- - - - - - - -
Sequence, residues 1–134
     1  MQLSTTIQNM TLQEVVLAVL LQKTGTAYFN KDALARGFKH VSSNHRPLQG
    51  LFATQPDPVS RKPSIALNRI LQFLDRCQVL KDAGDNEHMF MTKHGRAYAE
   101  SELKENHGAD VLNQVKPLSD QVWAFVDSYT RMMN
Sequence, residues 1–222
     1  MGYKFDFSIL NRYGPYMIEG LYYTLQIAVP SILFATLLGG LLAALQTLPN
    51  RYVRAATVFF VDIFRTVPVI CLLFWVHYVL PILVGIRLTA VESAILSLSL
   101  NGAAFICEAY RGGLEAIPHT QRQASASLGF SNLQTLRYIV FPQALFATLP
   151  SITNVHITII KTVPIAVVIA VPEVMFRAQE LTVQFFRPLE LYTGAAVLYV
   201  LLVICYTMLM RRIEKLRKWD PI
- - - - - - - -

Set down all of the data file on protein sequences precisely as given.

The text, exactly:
Sequence, residues 1–134
     1  MQLSTTIQNM TLQEVVLAVL LQKTGTAYFN KDALARGFKH VSSNHRPLQG
    51  LFATQPDPVS RKPSIALNRI LQFLDRCQVL KDAGDNEHMF MTKHGRAYAE
   101  SELKENHGAD VLNQVKPLSD QVWAFVDSYT RMMN
Sequence, residues 1–222
     1  MGYKFDFSIL NRYGPYMIEG LYYTLQIAVP SILFATLLGG LLAALQTLPN
    51  RYVRAATVFF VDIFRTVPVI CLLFWVHYVL PILVGIRLTA VESAILSLSL
   101  NGAAFICEAY RGGLEAIPHT QRQASASLGF SNLQTLRYIV FPQALFATLP
   151  SITNVHITII KTVPIAVVIA VPEVMFRAQE LTVQFFRPLE LYTGAAVLYV
   201  LLVICYTMLM RRIEKLRKWD PI